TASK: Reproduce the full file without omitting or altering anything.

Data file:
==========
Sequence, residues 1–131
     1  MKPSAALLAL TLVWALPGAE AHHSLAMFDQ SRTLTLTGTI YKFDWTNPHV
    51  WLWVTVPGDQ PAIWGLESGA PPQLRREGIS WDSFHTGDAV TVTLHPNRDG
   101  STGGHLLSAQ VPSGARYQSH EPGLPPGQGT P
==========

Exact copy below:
Sequence, residues 1–131
     1  MKPSAALLAL TLVWALPGAE AHHSLAMFDQ SRTLTLTGTI YKFDWTNPHV
    51  WLWVTVPGDQ PAIWGLESGA PPQLRREGIS WDSFHTGDAV TVTLHPNRDG
   101  STGGHLLSAQ VPSGARYQSH EPGLPPGQGT P